Whatever the mechanism by which urban sites could potentially be more attractive to some nesting gulls, the ultimate causes are likely to involve a combination of availability of food and security of nest sites. All five of the suggested biological reasons for the apparent divergence in trends between urban and non-urban gull colonies given above, are influenced to some degree by the availability of food. Urban areas potentially offer additional sources food, such as garbage (both litter and from nearby refuse tips), scraps from shops (including fast-food outlets), waste from fish docks, and also food put out by some people specifically to feed the gulls ( e.g. Raven & Coulson 1997, pers. comms with Scottish Local Authority representatives, see Chapter 3). Street lighting within urban areas also gives the potential for gulls, which are normally diurnal feeders, to forage at night ( e.g. Rock 2003). Furthermore, gulls nesting within urban areas can potentially travel to more 'traditional' food sources, for example within the inter-tidal zone, on agricultural land and also at sea, provided these are within an acceptable foraging distance from nesting areas for the species concerned. No published studies explicitly quantify differences in the diets of gulls in urban and non-urban areas in Britain. Studies of Ring-billed Gulls and Herring Gulls in North America suggest that anthropogenic food from garbage tips can form a higher proportion of the diet for birds in urban areas than elsewhere, but also that the relative importance of this food source can vary between species (Brousseau et al. 1996, Belant et al. 1998). The relative importance of garbage taken from organised tips or as 'litter' discarded within towns is unknown.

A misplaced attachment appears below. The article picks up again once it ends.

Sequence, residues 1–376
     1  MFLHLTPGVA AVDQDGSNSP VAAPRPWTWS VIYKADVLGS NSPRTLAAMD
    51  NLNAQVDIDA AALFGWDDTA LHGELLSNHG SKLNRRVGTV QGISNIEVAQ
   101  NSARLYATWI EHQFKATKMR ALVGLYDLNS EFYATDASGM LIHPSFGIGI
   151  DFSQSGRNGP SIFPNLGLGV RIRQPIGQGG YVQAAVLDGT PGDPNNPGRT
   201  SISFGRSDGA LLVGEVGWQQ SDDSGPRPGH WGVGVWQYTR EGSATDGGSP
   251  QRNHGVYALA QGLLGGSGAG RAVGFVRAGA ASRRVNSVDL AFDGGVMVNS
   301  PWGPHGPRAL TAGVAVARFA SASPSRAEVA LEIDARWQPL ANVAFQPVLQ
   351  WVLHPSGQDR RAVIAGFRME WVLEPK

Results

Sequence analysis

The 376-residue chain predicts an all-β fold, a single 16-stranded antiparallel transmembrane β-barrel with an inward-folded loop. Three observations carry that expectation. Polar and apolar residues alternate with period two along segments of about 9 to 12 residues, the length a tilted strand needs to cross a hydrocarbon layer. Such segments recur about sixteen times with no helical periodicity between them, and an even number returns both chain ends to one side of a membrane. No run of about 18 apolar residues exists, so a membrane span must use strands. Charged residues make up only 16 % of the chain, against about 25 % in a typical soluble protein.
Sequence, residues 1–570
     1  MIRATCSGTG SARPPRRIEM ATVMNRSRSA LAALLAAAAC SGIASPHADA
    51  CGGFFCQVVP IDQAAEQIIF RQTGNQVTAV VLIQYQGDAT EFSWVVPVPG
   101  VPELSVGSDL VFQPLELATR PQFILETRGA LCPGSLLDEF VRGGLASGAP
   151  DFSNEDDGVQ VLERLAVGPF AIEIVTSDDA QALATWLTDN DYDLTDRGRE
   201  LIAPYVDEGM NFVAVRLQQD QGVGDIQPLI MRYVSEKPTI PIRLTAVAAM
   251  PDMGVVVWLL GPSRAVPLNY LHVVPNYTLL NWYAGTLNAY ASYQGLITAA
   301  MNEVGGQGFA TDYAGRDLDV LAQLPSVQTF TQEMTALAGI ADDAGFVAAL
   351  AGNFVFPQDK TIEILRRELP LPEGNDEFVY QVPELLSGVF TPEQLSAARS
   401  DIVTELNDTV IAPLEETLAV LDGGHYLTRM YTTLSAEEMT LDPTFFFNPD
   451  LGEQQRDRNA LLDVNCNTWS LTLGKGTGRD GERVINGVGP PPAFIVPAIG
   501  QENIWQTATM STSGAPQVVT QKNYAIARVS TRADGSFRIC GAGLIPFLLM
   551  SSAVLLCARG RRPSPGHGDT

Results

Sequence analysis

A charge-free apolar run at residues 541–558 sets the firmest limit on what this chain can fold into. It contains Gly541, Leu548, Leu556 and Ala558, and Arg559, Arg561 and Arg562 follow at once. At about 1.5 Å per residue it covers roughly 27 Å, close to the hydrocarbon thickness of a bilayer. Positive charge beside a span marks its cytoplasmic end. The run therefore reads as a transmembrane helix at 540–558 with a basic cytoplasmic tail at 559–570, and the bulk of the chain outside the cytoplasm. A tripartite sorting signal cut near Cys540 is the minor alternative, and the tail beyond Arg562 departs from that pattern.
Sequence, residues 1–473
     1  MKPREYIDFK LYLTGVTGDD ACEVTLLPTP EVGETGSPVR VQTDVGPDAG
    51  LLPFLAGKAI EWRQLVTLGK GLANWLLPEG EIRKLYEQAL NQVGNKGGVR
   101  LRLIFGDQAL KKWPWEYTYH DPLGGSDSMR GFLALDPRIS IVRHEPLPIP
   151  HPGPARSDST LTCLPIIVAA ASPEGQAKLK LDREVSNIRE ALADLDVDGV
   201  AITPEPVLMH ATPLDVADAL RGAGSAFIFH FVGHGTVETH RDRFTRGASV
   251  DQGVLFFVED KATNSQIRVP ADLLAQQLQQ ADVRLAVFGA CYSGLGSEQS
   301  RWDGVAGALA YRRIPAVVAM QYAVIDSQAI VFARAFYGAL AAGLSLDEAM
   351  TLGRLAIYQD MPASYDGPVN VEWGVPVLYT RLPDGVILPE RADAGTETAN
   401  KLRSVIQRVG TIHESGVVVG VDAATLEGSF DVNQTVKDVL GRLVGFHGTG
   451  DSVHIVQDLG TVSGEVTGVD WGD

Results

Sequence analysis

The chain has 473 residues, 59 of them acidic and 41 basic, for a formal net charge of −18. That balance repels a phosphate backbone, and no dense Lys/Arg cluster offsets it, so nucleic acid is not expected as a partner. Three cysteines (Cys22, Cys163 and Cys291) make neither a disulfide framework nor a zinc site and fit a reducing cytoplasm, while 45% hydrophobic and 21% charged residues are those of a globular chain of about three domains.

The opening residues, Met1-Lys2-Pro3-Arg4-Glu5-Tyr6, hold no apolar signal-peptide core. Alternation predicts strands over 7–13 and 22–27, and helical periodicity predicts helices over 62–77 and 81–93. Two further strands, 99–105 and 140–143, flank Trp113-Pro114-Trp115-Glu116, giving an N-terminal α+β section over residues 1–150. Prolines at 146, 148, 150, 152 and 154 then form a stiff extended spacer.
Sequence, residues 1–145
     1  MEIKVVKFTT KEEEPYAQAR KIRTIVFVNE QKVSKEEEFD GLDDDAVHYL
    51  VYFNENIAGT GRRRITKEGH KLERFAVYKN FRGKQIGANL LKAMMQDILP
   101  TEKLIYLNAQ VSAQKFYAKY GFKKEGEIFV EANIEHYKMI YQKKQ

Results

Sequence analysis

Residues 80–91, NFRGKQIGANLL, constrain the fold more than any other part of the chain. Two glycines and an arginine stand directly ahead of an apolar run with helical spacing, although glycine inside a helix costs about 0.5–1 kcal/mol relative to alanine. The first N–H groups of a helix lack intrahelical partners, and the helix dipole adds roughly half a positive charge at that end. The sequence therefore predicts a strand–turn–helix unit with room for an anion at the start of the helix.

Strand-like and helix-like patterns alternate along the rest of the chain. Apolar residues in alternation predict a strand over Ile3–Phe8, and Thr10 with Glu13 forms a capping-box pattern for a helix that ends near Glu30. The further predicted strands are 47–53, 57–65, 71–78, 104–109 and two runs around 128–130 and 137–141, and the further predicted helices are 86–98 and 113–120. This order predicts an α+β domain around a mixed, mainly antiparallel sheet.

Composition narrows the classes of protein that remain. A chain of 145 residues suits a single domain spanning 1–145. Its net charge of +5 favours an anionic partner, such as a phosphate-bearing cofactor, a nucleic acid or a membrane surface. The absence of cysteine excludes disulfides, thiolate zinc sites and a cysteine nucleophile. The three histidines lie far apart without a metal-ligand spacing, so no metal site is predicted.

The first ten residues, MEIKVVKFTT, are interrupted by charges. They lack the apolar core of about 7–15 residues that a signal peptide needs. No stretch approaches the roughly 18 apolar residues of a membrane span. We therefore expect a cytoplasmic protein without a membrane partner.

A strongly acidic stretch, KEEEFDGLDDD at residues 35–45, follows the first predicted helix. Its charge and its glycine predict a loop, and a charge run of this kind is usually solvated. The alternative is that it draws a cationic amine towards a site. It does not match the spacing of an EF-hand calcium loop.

Gulls nesting in urban areas need not necessarily feed within them, and similarly, those seen foraging within urban areas need not necessarily be birds nesting there. In Sunderland, the numbers of Herring Gulls frequenting the town centre in summer exceeded, by up to three-fold, the expected number based on immediate local breeding numbers (Gibbins 1991). Furthermore, infrequent sightings of colour-ringed individuals suggested that many birds in the town centre were transients and used it infrequently even during the breeding season (Gibbins 1991). An analysis of remains in pellets regurgitated by Lesser Black-backed Gulls nesting in Dumfries during May - July, suggested that the surrounding agricultural land provided more important foraging areas than the town itself (Coulson & Coulson 2003); although processed foods (the largest components of edible urban garbage) are not generally identifiable within pellets due to their high digestibility, observations of foraging gulls provided supportive evidence that only a relatively small proportion of those breeding in the town actually foraged there. During the period when gulls first colonised urban areas in the UK (1960-1980), observations suggested that few actually fed within the urban environment (J. Coulson, pers. comm.), and unpublished direct observations relating to gulls in Dumfries and in towns in north-east England suggest that even now, less than 5% of breeding gulls actually forage in the streets of urban areas (J. Coulson, pers. comm.). Observations of 300 individually colour-ringed and dyed Herring Gulls ringed at Burniston refuse tip, c.3km from Scarborough, found only two of the birds breeding within Scarborough but many breeding at natural cliff sites up to 35km away from the tip (J. Coulson pers. comm.). Other observations of colour-marked Herring Gulls nesting in urban areas of Tyneside and Wearside have also indicated that they rarely visited landfills in the area (J. Coulson pers. comm.), indicating that at least in some cases, such landfills are not a major food source for the urban gull population.